5. Base salary plus 1/3 of hourly billing rate for hours billed to clients that exceed 1800 annual hours billed to clients.

Some firms have lowered base salaries when incorporating new performance bonus systems when the current expectation is far below expectation. Other firms are terminating under-performing associates.

Many firms are finding that many associates in small firms that have salaries of $100,000 or more are content and are not motivated by the bonuses available to put in the time to earn the bonuses. Work life balance is more important that earning additional income. The bonus systems work better for associates that are still hungry or have lower base salaries.

Firms that have had the most success in getting associates past the “entitlement mentality” are those that incorporate goal setting, accountability, and individual twice a month coaching meetings with associates in addition to the performance bonuses.

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John W. Olmstead, MBA, Ph.D, CMC

 

Jun 20, 2018


Associate Attorney Compensation and Motivation

Question: 

Our firm is based in Springfield, Illinois. We have four partners and four associates. We are a general practice firm. All of our associates have been with the firm over ten years and each of them are receiving $100,000 base salaries plus discretionary bonuses. Our associates are excellent attorneys however none of them bring in any business  and their production numbers are low. Annual billable hours are below 1200 and working attorney fee collections are below $300,000. We have not given raises or bonuses for the last several years. We are losing money on some of our associates and not even covering our overhead alone making any profit from our associates. We are at a loss as what to do. Please share any thoughts or ideas that you might have.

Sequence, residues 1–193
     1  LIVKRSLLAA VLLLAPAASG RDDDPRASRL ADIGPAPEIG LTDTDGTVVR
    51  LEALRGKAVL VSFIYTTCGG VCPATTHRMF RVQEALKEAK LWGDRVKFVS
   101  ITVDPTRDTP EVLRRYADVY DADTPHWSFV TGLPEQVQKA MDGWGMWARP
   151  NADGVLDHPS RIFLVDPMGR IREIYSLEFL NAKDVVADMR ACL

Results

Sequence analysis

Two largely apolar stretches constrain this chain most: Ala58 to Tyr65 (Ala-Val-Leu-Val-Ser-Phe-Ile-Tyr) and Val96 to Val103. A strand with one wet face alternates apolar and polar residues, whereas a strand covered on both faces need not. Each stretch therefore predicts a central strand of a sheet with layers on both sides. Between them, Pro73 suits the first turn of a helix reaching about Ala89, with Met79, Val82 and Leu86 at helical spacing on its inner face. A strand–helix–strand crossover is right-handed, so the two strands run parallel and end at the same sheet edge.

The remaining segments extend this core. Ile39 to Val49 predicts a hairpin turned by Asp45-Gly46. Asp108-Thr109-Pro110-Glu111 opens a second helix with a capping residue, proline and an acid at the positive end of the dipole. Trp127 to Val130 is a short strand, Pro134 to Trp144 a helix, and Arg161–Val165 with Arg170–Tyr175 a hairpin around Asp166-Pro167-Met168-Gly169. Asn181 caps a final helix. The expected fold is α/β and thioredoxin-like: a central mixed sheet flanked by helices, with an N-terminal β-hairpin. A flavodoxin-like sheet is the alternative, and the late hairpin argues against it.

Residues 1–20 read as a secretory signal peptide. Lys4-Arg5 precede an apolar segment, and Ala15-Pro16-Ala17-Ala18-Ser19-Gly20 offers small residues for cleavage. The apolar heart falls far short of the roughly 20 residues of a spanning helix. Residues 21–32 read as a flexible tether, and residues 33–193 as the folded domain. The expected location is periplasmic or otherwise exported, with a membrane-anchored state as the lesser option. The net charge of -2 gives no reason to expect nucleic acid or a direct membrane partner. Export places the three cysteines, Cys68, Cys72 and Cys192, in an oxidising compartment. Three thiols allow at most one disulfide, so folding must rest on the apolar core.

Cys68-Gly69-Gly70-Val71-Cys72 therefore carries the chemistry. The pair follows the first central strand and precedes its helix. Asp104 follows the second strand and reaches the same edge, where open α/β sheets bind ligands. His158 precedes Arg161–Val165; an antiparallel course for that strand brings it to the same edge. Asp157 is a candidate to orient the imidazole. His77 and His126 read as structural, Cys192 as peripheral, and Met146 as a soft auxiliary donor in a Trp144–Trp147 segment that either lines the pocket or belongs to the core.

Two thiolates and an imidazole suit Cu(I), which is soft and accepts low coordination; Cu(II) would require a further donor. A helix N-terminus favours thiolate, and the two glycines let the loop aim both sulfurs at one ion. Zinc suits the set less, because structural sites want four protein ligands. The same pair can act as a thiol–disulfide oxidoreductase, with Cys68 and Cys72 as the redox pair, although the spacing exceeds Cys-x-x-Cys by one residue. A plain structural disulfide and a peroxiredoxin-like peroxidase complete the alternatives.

Response: 

It would be interesting to know whether you set production goals such as billable hours or working attorney fee collection goals for your associates and if and how they are enforced. Billable hours should be in the range of 1600-1750 per year and fee collections should be $300,000+ for associates being paid $100,000 per year. It sounds like production goals either don’t exist or are not enforced.